Sunday, 8 January 2017

Introduction to Obsessive Compulsive Disorder

People that suffer from mental illnesses face stigma from the society. Researchers have found that due to stigma, people avoid seeking help from a health professional as they fear being labelled as ‘mentally ill’ by the society (Tai, 2016). The stigma we have in our country towards this issue is causing a negative impact on proper diagnosis and treatment. Obsessive Compulsive Disorder (OCD), in specific, goes undiagnosed most of the time. 9 in 10 people who suffer from this disorder do not seek any form of professional support (Tai, 2016). 
Despite the fact that Singapore is known to be the OCD capital (Tai, 2016), people often stereotype OCD patients as very clean or neat people.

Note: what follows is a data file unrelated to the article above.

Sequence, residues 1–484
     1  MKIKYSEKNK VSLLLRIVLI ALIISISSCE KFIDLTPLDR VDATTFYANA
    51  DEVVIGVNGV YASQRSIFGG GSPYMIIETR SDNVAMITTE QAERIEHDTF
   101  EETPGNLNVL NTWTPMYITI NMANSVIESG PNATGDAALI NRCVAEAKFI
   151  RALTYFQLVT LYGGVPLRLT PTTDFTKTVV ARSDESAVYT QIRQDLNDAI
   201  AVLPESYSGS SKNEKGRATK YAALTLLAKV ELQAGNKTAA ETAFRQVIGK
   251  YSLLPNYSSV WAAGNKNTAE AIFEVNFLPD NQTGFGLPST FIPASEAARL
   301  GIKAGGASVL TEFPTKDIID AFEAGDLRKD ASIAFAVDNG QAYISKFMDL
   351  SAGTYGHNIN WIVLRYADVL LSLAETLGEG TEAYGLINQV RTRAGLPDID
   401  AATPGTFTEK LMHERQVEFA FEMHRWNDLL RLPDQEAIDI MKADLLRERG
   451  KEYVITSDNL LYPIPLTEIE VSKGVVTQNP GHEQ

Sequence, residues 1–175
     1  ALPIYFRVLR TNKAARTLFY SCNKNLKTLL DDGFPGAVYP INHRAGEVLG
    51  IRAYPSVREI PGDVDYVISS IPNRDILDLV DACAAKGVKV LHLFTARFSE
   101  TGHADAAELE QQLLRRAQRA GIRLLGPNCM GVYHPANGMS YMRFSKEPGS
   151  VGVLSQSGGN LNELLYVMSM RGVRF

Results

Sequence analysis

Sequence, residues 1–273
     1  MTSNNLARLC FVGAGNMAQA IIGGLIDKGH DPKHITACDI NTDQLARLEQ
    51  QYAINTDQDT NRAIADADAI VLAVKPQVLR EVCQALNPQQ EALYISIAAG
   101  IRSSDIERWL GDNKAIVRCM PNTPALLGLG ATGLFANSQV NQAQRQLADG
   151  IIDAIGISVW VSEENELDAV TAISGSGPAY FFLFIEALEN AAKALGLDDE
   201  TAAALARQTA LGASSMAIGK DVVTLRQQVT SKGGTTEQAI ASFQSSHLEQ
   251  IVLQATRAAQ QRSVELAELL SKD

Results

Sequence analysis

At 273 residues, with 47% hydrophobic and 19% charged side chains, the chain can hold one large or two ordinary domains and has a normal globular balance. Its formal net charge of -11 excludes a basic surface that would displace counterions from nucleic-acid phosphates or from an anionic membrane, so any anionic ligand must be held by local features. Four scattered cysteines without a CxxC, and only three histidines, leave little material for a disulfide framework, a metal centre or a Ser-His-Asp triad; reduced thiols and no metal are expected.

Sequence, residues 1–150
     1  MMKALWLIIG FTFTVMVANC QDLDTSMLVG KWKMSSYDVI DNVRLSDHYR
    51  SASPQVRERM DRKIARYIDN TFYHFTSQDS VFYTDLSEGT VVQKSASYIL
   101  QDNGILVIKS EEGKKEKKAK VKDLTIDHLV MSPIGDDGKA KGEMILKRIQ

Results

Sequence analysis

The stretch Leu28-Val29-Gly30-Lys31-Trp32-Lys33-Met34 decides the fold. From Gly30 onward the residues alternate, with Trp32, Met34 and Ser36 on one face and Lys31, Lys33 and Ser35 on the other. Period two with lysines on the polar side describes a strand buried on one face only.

Above is an example of a stereotypical mindset towards OCD.
Many also think that OCD can be controlled and can be treated if the patients really wished to do so. What many do not know is that there is a wide spectrum in regards to the symptoms that are displayed by OCD patients. Generally, most of the symptoms are feeling the sense of fear, having recurring thoughts due to anxiety and repeating actions to relieve oneself from the anxiety that comes with the recurring thoughts (Morrison, 1995).

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